I like to use the phrase “entrepreneurship is a team game” to represent my idea of entrepreneurship and I post it at the end of the blog articles to let you reflect on it.
It is not by chance, it so happens that I truly believe this is true. I didn’t always think so, but experience thought me this is one of the most valuable lessons you can learn as an entrepreneur.
There’s no “I” in “team”
During my first experience as an entrepreneur, younger and less knowledgeable, I thought that the whole thing was about me. I though my idea was the right idea, my knowledge, the right knowledge, my decisions, the right decision, and so on.
This is a very common mistake entrepreneurs make, so if you are there now, try to learn this fast, it will save you a lot of time and energy.
Back then, I also felt that if I am part of a team I will loose control. Actually, all the contrary happens when you work in a team. If you can focus on those things you are truly good at and enjoy, while empowering someone else to do the same, and coordinating the group effort towards achieving your vision, it puts you more in control than anything else you can do on your own.
Other advantages of working in a team are: faster output and a higher professionalization, because you utilize skills you do not, otherwise, posses.
I have recently started my second entrepreneurial experience, this time with a team, and the entire process is so much more enjoyable. We each have our own motivation for being part of the project, but we all share the values on which we are building the company on. This makes us work together towards the same goals, while enjoying building something with people that we have things in common with.
They made a really nice presentation about the changes in the way we work today, how we have many more employers in a life-time than our parents did, and how to successfully assemble a talented team in a startup.
They propose a core team of 3 to 5 people that have complementary skills. For project based work, or for a highly specialized task, they suggest to hire freelancers (of course, through their platform).
Promotion aside, I agree with this line of thought. Resources are always limited and even more so in startups. Sometimes you need someone specialized in a certain program or skill for a limited period of time. Hiring freelancers could be the solution if no one in the team has the skills or experience to complete a task.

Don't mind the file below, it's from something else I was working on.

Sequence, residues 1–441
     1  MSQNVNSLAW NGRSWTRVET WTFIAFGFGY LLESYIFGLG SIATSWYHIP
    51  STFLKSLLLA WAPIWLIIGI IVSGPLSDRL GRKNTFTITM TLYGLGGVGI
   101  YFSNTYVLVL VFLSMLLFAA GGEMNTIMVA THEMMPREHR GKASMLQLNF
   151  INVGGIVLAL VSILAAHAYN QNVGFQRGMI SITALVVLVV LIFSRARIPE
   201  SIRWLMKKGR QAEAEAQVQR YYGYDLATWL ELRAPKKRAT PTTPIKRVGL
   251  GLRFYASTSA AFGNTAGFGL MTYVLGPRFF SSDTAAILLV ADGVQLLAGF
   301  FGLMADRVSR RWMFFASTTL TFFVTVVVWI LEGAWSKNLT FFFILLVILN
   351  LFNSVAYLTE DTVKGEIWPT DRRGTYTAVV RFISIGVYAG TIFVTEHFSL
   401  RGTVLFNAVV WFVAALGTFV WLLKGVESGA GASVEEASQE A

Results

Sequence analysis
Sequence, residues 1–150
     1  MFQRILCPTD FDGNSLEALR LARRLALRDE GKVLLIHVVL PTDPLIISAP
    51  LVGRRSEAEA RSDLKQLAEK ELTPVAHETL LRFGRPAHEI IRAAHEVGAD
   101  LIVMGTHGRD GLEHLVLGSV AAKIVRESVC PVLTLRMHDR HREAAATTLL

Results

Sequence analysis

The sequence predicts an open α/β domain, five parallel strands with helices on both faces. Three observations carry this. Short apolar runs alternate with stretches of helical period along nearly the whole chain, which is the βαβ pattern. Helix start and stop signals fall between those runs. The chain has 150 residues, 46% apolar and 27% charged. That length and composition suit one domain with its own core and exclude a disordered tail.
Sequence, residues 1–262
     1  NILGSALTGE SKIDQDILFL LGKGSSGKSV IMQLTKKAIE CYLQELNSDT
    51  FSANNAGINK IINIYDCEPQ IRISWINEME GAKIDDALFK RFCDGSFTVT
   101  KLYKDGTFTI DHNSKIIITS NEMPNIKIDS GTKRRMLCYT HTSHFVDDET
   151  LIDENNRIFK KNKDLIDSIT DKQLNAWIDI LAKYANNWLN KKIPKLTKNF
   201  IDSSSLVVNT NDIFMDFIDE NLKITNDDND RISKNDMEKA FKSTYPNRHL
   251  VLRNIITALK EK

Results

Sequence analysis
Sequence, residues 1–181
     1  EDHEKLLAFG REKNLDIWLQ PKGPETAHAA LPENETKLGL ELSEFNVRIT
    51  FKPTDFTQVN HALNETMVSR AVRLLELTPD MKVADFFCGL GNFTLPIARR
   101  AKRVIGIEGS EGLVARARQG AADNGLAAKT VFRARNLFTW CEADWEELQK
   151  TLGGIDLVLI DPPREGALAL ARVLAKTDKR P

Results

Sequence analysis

Getting back to the core team, they suggested a series of questions you should ask yourself when assembling a team. I find them not only useful, but also a great point to start.
What are the skills your core team should have?
Here you should think what are the most important areas to cover for the daily operation of the business. (sales, admin, tech, marketing etc.)
You do not need a team member for each of the skills, one person can take care of more than one area of business, at least at the beginning.
Does your team have different backgrounds?
It is important that the team members are not all from the same university and circles. The diverse background could give you access to different networks, present you with different opportunities, expose you to different perspectives etc.
Does everyone have a minimum tech level?
As an entrepreneur you are quite busy building your company, so it is important that you do not waste too much time on workflow training.
If a team member is not used to using the systems you need for the daily operation, you and the rest of the team will see your working experience compromised.
Do your team members have diverse ways of thinking?
Here it is important that the team is not formed only by creative people with big ideas, or by people focused only on structure and processes. A good mix of people in the realm of detail-oriented/big-picture is advised.
Does everyone have a partner in crime?
A team’s job is to perform a task and achieve the set goals, but the team members are people who need to belong, with different personalities and traits.
It is your job as the leader of the team to make sure that people do not feel used for their skills and that there is a nice environment for everyone to perform in.
Do you all have shared dreams about success and expectations of sacrifice?
Now this is a tricky one. It is, of course, hard to establish these things even for yourself, let alone to find people who have the same understanding of them as you do.
It is, however, important to establish from the beginning how far is everyone willing to go to succeed and what they are willing to sacrifice.
In our team, for example, most of us have children and family life is important for us. This means that we understand the limitations this implies in terms of time dedication, and we respect it because we agreed on it as a team.
The personality factor
Skills, availability, a sense of belonging, the joint-will of building something are all important factors when assembling a team. There is another one that I think it takes the cake, and that is “personality“.
Now imagine having a highly talented developer (or other member relevant for your startup) that is aligned with your mission, but you just can’t work together because every time you interact, it ends in an uncomfortable situation.
Many books were written on the importance of personalities in different positions in the work place. I feel that this is even more important in a small team of 3 to 5 people that have to work closely together.
I found this Team roles test that can help you find out if you are in the right position according to your personality. The 123Test page offers other tests, including Work values and Personality ones.
Thank you for reading and I hope you enjoyed this article. Write to me with your comments, questions or if you want me to write about a specific topic.
Remember, entrepreneurship is a team game! (Now you know what it means)